Just as you're getting anxious to reach Clearwater, I-95 passes the beautiful city of Savannah, Ga. Only 25 miles south of Hilton Head, Savannah was the spring-training home of the Phillies in 1904 and from 1906 to '08. Connie Mack's Philadelphia A's also practiced there in 1911.

That city's diversions apparently impacted the two clubs differently.

The '04 Phils were the first in franchise history to lose 100 games, and the club went a combined 289-314 in those four regular seasons. The A's, meanwhile, won a World Series following their only Savannah spring.

In two more hours, you'll be in Florida and, with baseball fever raging by then, you probably won't want to stop until you hit Bright House Field.


The more leisurely route

Start your southbound journey by heading for Maryland's Eastern Shore. Mack unearthed two of his Philadelphia A's greatest stars - Hall of Famers Jimmie Foxx and Frank "Home Run" Baker - in that pastoral piece of Chesapeake Bay landscape.

Baker hailed from Trappe, while Foxx, the slugging Double X of the A's 1929-31 dynasty, was born in Sudlersville.

In Foxx's quaint hometown, a life-size bronze statue of the legendary home-run hitter can be found in a small park at Routes 300 and 313.

Curiously, there's a statue of another Philadelphia slugger in another Eastern Shore community. The bronzed Bill "Swish" Nicholson, who played for the Phillies from 1949 to 1953, stands on West Market Street in his hometown of Chestertown, Md.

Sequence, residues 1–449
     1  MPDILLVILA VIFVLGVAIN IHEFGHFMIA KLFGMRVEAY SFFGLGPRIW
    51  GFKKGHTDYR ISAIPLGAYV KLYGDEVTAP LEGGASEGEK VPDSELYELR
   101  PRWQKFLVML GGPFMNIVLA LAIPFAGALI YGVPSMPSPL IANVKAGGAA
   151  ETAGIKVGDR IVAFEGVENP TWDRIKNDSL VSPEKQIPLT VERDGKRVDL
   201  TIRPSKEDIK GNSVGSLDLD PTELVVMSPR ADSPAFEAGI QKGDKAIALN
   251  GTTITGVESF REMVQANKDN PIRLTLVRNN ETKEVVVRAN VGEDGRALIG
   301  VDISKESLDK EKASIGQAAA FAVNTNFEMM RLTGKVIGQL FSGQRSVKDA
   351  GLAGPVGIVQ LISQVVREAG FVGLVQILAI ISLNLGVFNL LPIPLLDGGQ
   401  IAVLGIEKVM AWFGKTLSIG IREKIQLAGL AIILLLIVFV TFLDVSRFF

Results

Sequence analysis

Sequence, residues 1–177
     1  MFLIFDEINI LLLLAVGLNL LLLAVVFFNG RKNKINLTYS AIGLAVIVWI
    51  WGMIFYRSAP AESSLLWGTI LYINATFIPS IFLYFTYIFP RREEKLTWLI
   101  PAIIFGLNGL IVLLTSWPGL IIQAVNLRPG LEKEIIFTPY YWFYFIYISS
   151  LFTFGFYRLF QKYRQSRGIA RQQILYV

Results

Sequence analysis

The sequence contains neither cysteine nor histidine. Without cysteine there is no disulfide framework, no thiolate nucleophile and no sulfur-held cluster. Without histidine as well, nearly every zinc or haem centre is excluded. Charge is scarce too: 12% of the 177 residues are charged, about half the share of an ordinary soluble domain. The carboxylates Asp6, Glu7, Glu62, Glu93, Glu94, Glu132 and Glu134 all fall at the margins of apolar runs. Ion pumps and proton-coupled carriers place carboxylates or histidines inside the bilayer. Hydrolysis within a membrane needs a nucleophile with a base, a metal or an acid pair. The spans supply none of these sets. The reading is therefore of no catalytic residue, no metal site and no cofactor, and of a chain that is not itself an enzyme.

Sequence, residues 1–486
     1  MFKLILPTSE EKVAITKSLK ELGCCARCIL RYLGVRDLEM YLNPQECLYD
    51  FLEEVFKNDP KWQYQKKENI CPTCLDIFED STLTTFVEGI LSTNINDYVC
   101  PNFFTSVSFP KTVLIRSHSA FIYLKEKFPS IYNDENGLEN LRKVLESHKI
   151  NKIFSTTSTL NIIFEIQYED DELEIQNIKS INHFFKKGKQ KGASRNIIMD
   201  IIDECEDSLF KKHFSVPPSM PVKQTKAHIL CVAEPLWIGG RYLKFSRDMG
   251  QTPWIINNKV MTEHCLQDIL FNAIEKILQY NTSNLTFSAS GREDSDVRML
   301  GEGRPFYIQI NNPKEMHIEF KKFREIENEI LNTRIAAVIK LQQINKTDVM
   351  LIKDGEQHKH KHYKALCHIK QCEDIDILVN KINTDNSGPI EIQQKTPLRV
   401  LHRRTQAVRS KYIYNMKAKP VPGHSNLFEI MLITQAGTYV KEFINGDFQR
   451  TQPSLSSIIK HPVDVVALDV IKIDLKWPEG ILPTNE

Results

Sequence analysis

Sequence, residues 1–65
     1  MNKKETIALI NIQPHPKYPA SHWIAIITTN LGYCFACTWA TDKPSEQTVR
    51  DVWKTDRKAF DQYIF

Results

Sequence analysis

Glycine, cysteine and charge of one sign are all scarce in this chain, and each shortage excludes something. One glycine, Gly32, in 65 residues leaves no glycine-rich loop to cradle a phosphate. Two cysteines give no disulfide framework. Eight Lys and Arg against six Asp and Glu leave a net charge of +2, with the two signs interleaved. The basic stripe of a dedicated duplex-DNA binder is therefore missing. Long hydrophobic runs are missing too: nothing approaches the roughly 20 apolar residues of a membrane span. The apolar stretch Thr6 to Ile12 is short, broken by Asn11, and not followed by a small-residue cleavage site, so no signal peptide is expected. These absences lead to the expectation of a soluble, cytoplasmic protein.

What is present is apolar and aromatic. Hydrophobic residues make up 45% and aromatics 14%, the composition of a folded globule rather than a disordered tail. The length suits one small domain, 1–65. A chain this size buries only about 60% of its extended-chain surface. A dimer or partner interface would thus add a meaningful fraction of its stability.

Any devoted Phils fan from the Ryan Howard era will want to detour west to Interstate 81 in Virginia. That highway passes through the picturesque Blue Ridge Mountains. There, on a hillside between the cities of Staunton and Roanoke, is Buena Vista (pronounced BYU-na vista), the beloved bucolic home of Phillies manager Charlie Manuel.

You'll find plaques and signs proudly ballyhooing Manuel, a multisport star at Parry McCluer High, as its favorite favorite son. (Another sign in Buena Vista proclaims that the town is home to "6,002 happy citizens and 3 old grouches.")

After that, get back on I-81 south and take it to I-77 south. At Charlotte, N.C., head east on I-85 for 35 miles, until you hit Salisbury, home of the National Sportswriters and Sportscasters Association.

There are few things that bring to mind baseball better than great announcers and great sports columnists. And while this hall hasn't inducted any members since 2005 and is occupying temporary quarters at 323 N. Main St., 80 of them are honored there, including Red Barber, Mel Allen, Vin Scully, Red Smith, and Grantland Rice. While you're there, you might want to lobby for Harry Kalas.

About 125 miles west on I-85 is Greenville, S.C., where baseball immortal Shoeless Joe Jackson lived and died.

The country-boy phenom who so infamously became entangled in the 1919 Black Sox scandal began his career as a 13-year-old with the Brandon Mills team in a local textile league. He initially signed with Mack's A's, but his fame came with the White Sox. Jackson's lifetime batting average is an astounding .356.